**The zkEngine Approach**

If we make the zkVM itself (let's call it NovaNet's zkEngine) the target for this specialization, the work only needs to be done once. For instance, if the zkEngine is already designed to compose into Groth16 for more cost-effective on-chain proofs, any other proving system that converts its verifier into a circuit (or into WebAssembly) for use in the zkEngine will never need to duplicate that effort. This approach opens up possibilities for integrating various proving schemes within larger systems.

Moreover, this model could foster healthy competition among different schemes to earn a premium in both generalized and specialized applications. The ecosystem could evolve to reward the most efficient and innovative solutions.

**Rethinking the Overhead Argument**

In light of these considerations, the argument about zkVM overhead versus handcrafting becomes less relevant when weighed against the general usability and accessibility of new and specialized systems. The zkVM approach could accelerate the adoption and integration of novel proving schemes published in academic literature or developed by smaller teams who lack the resources for extensive handcrafting.

**Benefits of the zkEngine Approach:**

**Democratization**: Lowering the barrier to entry for proof composition**Flexibility**: Easier integration of new proving schemes into existing systems**Innovation Catalyst**: Encouraging the development of specialized proving systems**Efficiency Through Competition**: Driving improvements in performance and usability**Standardization**: Promoting a common platform for proof composition

By embracing the zkEngine approach, we can create a more dynamic and innovative ecosystem for zero-knowledge proofs. While there may be a performance trade-off in some cases, the benefits in terms of accessibility, flexibility, and potential for rapid innovation far outweigh the costs.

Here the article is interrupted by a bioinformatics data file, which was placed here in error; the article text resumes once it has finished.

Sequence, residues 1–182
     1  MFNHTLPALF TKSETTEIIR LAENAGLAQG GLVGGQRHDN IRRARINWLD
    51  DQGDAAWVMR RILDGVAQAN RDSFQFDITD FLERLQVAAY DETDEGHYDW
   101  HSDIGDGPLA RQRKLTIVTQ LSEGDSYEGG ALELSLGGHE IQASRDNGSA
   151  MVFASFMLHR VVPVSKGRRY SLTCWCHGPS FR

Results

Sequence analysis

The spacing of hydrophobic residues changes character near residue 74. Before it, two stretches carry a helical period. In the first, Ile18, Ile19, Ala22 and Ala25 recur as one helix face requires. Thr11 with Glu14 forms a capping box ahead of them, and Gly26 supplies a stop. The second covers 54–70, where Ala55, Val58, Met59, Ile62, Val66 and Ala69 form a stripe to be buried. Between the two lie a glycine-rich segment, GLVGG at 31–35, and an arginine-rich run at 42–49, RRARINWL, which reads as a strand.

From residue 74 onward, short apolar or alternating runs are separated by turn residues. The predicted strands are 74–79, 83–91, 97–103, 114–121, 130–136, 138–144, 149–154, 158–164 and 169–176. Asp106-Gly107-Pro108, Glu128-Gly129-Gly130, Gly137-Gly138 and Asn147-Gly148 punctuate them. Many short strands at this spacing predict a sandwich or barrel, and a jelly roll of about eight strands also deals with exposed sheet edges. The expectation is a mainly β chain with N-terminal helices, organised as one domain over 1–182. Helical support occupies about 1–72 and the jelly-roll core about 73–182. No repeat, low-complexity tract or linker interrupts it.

zkVMs are not just about performance. They are about ease-of-use across the full ZK-stack.

### NIVC Folding's Role in Aggregation

Let's discuss aggregation of proofs via NIVC folding. If a verifier circuit, of a very fast privacy enabling browser based proving scheme, is integrated into an NIVC zkVM network, all of its users would become N repetitions of that circuit. Rather than posting proofs individually they could let the network aggregate the proofs to amortize the final L1 posting via folding. The aggregator in this case could be specialized or not. Since the hard work of making aggregation is done at the zkVM level, everyone benefits.

This is in contrast to other methods such as AVS that run the verification multiple times with certain crypto-economic securities, or even others that aggregate with SnarkPack or universal aggregation circuits. The zkVM's aggregator code becomes the target of improvements. Moreover, in the latter case we can avoid the trusted setup since most NIVC schemes are transparent.

### Privacy

Many new zkVM schemes are not privacy enabled. They add 'zk' back in after the fact. This can be done by composing with a privacy ZKP schemes like Groth16 or other zkSNARK. Alternatively, This could also be done at the zkVM level if using privacy during folding. This is highlighted in the most recent version of the HyperNova paper, where the authors state they get 'privacy for free' and with no need to use zkSNARKs (which are often more costly to get on-chain).

### Wrap-up

Proof composition can become the speciality at the zkVM level rather than at the circuit level. We could achieve this with zkVM precompiles or generic specialized opcodes just for this task. Privacy can also be handled at the zkVM level if the folding operation itself is zk enabled, this of course only applies to specific use-case, where the folding is done locally.

This train of thought, and the properties of NIVC, allow for novel network and incentive structures which can allow for better specialization and generalizability across a wide range of ZKP use-case. #RunawayZK π